I said earlier that I started going to conventions to learn about writing, and I still do. But I have another reason. To meet people. It feels good to have friends and acquaintances in writing circles, and it’s also helpful, often in unexpected ways.
At every stage of my writing, I’ve found help at conventions. People I’ve met have helped me as beta readers, exchanged novels with me for critiquing, offered me a venue for a public reading, invited me to join a critique group, provided a reference so I could take an Odyssey online course, helped me write query letters, given me contact info for agents, offered me tips on reducing word count, explained why my opening pages were not winning over agents or publishers, offered me a publishing contract, and contributed a back-cover blurb to help promote my novel.
I met my freelance editor at a con. You can find one online, but I felt better approaching an editor I had seen speak on a panel. The clean manuscript that came out of our work was much more marketable.
After that, I went to conventions to pitch my novel to publishers. That’s another thing I prefer to do in person. My successful pitch was actually made at a party.
It’s not all business, of course. Sometimes socializing is just being sociable. When I was trying to interest publishers in my novel, my motto was: “I’m going to pitch everybody before I quit, and I still want to have friends when I’m done.” I enjoy having lunch or a drink, even with people who turned me down, because they were willing to take a look at my work. They were on my side, and they still are.
Some of the larger conventions contact me now, instead of the other way around, and I sit on some of the panels or moderate them. I do a slide show on Alternative Aviation in SF, and I try to help people write better aviation scenes, because that’s my specialty. More generally, I advocate joining a critique group and getting an editor.
This winter, I heard that an old friend was setting up an afternoon of writing panels at the library in Portage la Prairie, Manitoba. I haven’t forgotten the people who came to my small town to help writers, so I felt it was worth the drive to give something back.
I’m a regular at Keycon in Winnipeg and Can*Con in Ottawa. The cons I go to lean towards speculative fiction, because that’s my field, but you can find one closer to your own interests, or attend a con that offers thirty-one flavours like Calgary’s When Words Collide, and peruse the programming for your kind of thing.
All the conventions have websites, so you can find them online and see what they offer. I recommend joining a mailing list if you’d like to keep an eye on a convention without signing up right away. That way, you’ll be able to see how the programming is shaping up, and you’ll get advance warning as they start to sell out.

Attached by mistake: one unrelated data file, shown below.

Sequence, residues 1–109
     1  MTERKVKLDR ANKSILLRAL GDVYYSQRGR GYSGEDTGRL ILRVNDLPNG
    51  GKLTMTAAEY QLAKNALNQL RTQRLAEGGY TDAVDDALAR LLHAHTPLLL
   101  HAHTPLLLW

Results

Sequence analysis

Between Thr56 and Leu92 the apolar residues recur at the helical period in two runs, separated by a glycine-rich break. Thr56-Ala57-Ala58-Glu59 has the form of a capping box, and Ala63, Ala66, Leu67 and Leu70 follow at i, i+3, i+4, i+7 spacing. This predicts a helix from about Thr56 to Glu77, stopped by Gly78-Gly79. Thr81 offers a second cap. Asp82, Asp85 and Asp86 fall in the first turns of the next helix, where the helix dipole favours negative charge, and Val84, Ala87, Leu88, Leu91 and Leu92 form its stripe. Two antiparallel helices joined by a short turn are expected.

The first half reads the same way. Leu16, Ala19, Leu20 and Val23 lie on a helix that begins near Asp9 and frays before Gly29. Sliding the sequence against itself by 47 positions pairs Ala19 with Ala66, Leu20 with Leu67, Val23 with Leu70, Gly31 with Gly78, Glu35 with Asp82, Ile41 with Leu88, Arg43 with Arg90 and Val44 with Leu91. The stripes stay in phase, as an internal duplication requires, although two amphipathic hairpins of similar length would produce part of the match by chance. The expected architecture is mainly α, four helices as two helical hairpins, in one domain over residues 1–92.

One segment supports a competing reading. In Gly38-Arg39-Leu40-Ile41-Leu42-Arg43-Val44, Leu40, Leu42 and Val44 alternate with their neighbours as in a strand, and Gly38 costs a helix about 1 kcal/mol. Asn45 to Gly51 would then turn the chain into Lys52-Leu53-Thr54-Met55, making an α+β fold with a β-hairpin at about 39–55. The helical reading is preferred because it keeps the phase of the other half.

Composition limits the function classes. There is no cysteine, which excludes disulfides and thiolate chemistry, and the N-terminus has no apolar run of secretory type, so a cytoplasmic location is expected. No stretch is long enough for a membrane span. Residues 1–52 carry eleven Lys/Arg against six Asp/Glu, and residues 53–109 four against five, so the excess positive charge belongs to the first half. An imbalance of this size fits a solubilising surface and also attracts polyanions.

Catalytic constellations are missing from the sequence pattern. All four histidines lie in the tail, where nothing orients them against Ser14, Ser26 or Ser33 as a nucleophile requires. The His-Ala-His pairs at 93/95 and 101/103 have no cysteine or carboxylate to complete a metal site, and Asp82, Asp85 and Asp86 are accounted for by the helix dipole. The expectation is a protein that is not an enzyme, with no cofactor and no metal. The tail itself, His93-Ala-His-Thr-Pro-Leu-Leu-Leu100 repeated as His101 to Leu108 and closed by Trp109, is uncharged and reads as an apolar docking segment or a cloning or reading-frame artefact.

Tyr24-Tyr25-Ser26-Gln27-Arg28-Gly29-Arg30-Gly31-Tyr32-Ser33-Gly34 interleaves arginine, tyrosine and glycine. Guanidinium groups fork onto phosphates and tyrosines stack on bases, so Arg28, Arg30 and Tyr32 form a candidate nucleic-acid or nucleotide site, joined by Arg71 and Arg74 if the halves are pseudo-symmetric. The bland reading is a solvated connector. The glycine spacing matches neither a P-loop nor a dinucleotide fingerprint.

If you joined NOWW to meet people and gain skills, those might also be good reasons to consider attending a convention or two. Expenses are tax deductible if you have a business, by the way. Yes, you can learn about that at a convention, too.
Good luck, and have fun!
Timothy Gwyn is the pen name of Tim Armstrong, a professional pilot in Kenora. His speculative short story, “The Emperor’s Dragon” will be in the June issue of NewMyths.com, and Avians, his young adult science fiction novel, is being released by Five Rivers Publishing on August 1st. His website is at timothygwyn.com and on Twitter he is @timothygwyn.
by Charles Campbell
This April I was excited to participate in the 5th Anniversary 10x10 Play Showcase, my third year involved with this festival of locally written plays. In both 2015 and 2016 I was a playwright and had the opportunity to see my work performed. My 2017 contribution was different—I went from having my work staged to directing a piece written by someone else.
Taking someone else’s words and translating them into a 4-dimensional event was both a challenge and a thrill. I have not changed my mind about how hard it is to write a good play, but I do have a new appreciation for the skill required to take written words and bring them to life. The experience also taught me some lessons about writing plays which will inform my submission for 2018.
Know your characters: As a writer, I crafted dialogue for three characters and described the set. Talking to the directors of my plays was easy; they asked questions about motivation and I answered, sometimes with “not sure exactly”. As a director, I had to be sure: actors who understand how to approach their characters are better at bringing them to life. In a 10 minute play the script won’t have all the answers, but the writer should.
I will be putting more thought into motivation and tone before submitting my next play. Writing requires an ear for dialogue, but a play is more than a reading. Achieving emotion on stage requires that the actors can understand what drives their character.
No Close ups: The big writing money is in Hollywood and we all spend a lot of time watching movies and television, and that makes it easier to write screenplays. But it makes it harder to write a stage play. As a director, I learned that there are no close ups on a stage—no tight camera angle is available to exclude the rest of the stage. In order for the audience to focus on a single character, a prop or a specific emotion, the script has to provide clarity and vision.
As a writer, I now know that when I want to focus on one character, they must be given the tools to command the stage. I cannot simply write “everyone looks at James” in the stage direction, and expect it to happen. James must be given a task that will draw attention to him—and I better not have Ishmael and Sue continuing to dance the tango in the background.
Be Open to Wonder: A play is not static —it is a creative partnership with the director and performers who are responsible for interpreting the writer’s words.
Reinterpretation can happen with novels and short stories, but descriptive language, inner monologues and omniscient narrators provide readers with more details and limit how far they can stray from the author’s vision. And even if a reader does misinterpret my novel, how would I know? Readers don’t walk on stage in front of large crowds and perform the books they are reading.
I am going to cheat now and share the first lesson I learned as a playwright. No matter what I think I have written, someone can take my words and create an experience I would never have foreseen. I know I’m not unique—I’ve discussed this experience with other 10x10 playwrights. Sometimes we are disappointed, other times amazed, occasionally confused.